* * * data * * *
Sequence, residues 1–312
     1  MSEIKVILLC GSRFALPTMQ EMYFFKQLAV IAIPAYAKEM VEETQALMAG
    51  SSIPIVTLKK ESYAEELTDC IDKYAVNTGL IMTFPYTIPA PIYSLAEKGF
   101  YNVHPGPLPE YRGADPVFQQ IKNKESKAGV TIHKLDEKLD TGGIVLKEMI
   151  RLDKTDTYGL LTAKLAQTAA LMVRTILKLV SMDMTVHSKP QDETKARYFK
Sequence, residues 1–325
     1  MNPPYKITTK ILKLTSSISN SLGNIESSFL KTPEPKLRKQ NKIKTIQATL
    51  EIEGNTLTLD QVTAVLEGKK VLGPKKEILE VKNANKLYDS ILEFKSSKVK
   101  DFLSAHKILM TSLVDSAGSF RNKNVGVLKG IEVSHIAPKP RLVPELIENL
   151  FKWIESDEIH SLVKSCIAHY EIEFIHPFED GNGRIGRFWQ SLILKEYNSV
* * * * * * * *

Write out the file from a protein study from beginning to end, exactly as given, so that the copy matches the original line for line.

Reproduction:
Sequence, residues 1–312
     1  MSEIKVILLC GSRFALPTMQ EMYFFKQLAV IAIPAYAKEM VEETQALMAG
    51  SSIPIVTLKK ESYAEELTDC IDKYAVNTGL IMTFPYTIPA PIYSLAEKGF
   101  YNVHPGPLPE YRGADPVFQQ IKNKESKAGV TIHKLDEKLD TGGIVLKEMI
   151  RLDKTDTYGL LTAKLAQTAA LMVRTILKLV SMDMTVHSKP QDETKARYFK
Sequence, residues 1–325
     1  MNPPYKITTK ILKLTSSISN SLGNIESSFL KTPEPKLRKQ NKIKTIQATL
    51  EIEGNTLTLD QVTAVLEGKK VLGPKKEILE VKNANKLYDS ILEFKSSKVK
   101  DFLSAHKILM TSLVDSAGSF RNKNVGVLKG IEVSHIAPKP RLVPELIENL
   151  FKWIESDEIH SLVKSCIAHY EIEFIHPFED GNGRIGRFWQ SLILKEYNSV